I had several ideas for the savory snack and while I had Chakli at the back of my mind, Gee picked it too. Chakli was what my mom made every Diwali when we were little and gave it to everyone in the apartment complex. And this year, I restarted that tradition.

I made Chakli several times in the last one month, I made trial batches and I made more batches for distributing. With all the Chakli making so fresh in my mind, I'm at my best to give you all the tips and tricks required to make the perfect Chakli. There are several small things that impact how your Chakli turns out, and I have included it in the Notes section at the bottom of the recipe. Who knew, that things like humidity and temperature could affect your Chakli?

There are different varieties of Chakli Press available in the market, you can buy:

  • Stainless Steel Ones -  
  • Brass ones -             
  • Wooden ones  from local markets.

traditional Indian chakli, savory deep fried snack


If you made this recipe, let me know! Leave a comment here or on Facebook tag your tweet with @oneteaspoonlife on Twitter and don't forget to tag your photo #oneteaspoonoflife on Instagram. You can also email me at onetspoflife@gmail.com I'd love to see what you are upto.


If you like this recipe, do not forget to share it with your friends and family! 



You can follow One Teaspoon Of Life on FacebookTwitterInstagramPinterest and Google+ or you can subscribe to One Teaspoon Of Life and receive all the latest updated via Email



Video Recipe





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Traditional Chakli Recipe


traditional Indian chakli, savory deep fried snackChakli is a savory deep fried Indian snack that is popularly made for Diwali. Chakli is a crispy spiral snack made from rice and lentil flour. It is a spicy crunchy vegetarian snack.

Recipe Type:  Snacks
Cuisine:            South Indian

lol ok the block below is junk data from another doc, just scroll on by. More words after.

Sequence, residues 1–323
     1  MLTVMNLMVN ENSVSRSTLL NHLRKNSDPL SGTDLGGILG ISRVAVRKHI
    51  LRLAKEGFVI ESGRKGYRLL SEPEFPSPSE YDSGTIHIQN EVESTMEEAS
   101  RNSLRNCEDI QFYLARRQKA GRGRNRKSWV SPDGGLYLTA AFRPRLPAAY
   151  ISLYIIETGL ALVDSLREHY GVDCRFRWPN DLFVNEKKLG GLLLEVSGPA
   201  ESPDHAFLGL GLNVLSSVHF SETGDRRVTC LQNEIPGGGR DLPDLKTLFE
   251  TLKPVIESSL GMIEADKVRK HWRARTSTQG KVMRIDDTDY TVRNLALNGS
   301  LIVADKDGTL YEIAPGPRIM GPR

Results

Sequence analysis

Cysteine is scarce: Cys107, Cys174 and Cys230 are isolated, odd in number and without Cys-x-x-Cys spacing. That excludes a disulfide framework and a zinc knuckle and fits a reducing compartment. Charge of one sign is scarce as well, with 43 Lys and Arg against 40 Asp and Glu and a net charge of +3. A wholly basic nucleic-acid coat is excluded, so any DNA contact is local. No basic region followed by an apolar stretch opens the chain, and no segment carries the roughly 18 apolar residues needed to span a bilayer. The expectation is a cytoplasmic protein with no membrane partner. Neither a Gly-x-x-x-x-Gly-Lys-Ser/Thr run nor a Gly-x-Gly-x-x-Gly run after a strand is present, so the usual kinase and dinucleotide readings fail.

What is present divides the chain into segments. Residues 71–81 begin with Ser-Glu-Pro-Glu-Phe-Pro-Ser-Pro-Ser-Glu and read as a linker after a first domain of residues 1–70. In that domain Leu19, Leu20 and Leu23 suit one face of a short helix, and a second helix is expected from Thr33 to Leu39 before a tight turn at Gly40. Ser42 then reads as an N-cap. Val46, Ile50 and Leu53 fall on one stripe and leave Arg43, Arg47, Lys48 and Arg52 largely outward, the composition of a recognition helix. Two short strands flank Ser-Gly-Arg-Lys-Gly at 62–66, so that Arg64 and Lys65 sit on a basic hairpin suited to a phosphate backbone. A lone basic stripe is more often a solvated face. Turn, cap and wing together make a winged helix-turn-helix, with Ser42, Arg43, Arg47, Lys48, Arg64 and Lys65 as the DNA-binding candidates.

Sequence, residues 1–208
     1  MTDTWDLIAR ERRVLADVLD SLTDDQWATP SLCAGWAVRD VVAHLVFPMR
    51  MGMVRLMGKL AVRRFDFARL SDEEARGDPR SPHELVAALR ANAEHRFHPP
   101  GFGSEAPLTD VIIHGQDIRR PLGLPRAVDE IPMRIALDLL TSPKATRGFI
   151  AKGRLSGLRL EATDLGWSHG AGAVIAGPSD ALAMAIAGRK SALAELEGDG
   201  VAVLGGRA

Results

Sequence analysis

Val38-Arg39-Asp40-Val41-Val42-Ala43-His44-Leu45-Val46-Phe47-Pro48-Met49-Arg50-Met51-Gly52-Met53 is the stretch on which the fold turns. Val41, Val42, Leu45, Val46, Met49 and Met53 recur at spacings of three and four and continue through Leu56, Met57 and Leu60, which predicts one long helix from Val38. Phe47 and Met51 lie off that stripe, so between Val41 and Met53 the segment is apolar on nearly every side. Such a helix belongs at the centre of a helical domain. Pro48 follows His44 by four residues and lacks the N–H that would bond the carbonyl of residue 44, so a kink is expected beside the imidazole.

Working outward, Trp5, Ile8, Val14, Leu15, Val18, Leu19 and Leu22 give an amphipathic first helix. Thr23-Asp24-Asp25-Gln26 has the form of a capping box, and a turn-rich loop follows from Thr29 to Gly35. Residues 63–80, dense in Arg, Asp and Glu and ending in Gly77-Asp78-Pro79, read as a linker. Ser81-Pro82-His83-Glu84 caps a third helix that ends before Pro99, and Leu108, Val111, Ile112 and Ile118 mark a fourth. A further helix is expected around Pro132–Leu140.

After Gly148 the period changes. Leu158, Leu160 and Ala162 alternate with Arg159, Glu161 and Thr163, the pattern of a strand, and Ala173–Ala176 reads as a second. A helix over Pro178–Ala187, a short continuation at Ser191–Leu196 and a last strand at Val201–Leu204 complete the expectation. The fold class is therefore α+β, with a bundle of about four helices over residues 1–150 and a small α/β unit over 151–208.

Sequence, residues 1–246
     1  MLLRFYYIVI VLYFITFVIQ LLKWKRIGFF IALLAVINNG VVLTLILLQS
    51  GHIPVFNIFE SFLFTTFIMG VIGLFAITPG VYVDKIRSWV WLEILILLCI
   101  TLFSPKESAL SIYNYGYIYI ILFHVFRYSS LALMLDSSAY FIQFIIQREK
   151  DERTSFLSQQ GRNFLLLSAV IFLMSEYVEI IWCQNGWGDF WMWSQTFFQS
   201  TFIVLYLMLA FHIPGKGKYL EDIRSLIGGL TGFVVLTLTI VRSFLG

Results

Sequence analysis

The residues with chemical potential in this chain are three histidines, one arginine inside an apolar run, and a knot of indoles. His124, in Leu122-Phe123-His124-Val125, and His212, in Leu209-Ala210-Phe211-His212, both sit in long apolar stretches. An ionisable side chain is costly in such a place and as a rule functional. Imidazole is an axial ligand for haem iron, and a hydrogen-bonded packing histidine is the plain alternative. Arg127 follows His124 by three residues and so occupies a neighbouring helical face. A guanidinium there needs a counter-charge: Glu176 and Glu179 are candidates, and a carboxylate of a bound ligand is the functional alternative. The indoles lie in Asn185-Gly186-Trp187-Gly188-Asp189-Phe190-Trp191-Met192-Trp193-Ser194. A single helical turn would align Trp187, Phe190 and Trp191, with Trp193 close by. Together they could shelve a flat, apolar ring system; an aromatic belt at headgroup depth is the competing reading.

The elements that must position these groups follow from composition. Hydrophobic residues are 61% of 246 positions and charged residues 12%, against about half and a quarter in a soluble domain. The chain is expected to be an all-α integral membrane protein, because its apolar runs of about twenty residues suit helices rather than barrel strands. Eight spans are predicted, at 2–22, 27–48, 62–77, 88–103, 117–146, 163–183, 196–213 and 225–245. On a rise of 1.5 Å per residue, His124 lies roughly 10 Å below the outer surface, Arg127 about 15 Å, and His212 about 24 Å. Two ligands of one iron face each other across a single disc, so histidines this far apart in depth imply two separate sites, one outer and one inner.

Prep Time:     10 hours
Cook time:     60 minutes
Total time:     10 hours 40 minutes
Yield:                80-90

Ingredients:


3 cups or 570 gms raw Rice
1 cup or 190 gms Urad Dal
0.75 cup or 75 gms Ghee
0.5 cup Oil
5 tsp Cumin Seeds
2 tsp Red Chilli Powder
1 tsp Asafoetida (Hing)
2-4 tsp Salt
3-4 cups Water
Oil to fry
Water as required

Method:


To make the Chakli Flour:


1. Wash and drain the rice. Spread it on a dry muslin cloth in a single layer to dry overnight or for 8-10 hours.
2. Once the rice is dry, dry roast it in a kadhai until all the moisture evaporates and the rice turns bright white. Roast on low flame by stirring occassionally. Do not allow the rice to change color or burn. Remove from heat and allow to cool.
3. Dry roast the urad dal on low heat until it turns pinkish-brown. The dal will turn fragrant once roasted well. Stir occassionally and do not allow the dal to burn. Remove from heat and allow to cool.
4. Once the rice and urad dal have cooled, grind it into a smooth powder in batches. You can either do this at home in a mixer or get it powdered at a mill.
5. Sieve the flour to remove any unpowdered rice or dal.
6. With the quantities used in this recipe, you should get around 750-760gms of chakli flour.

To make the Chakli:


7. Grind 3 tsp of cumin seeds into a coarse powder. Alternately you can use roasted cumin powder.
8. Add the cumin seed powder to the chakli flour.
9. Next add in the red chilli powder, remaining cumin seeds, hing and 2 tsp of salt and mix it roughly. Hing or asafoetida may contain wheat and hence avoid it if making a gluten free version.
10. Add in melted ghee and rub it in the flour.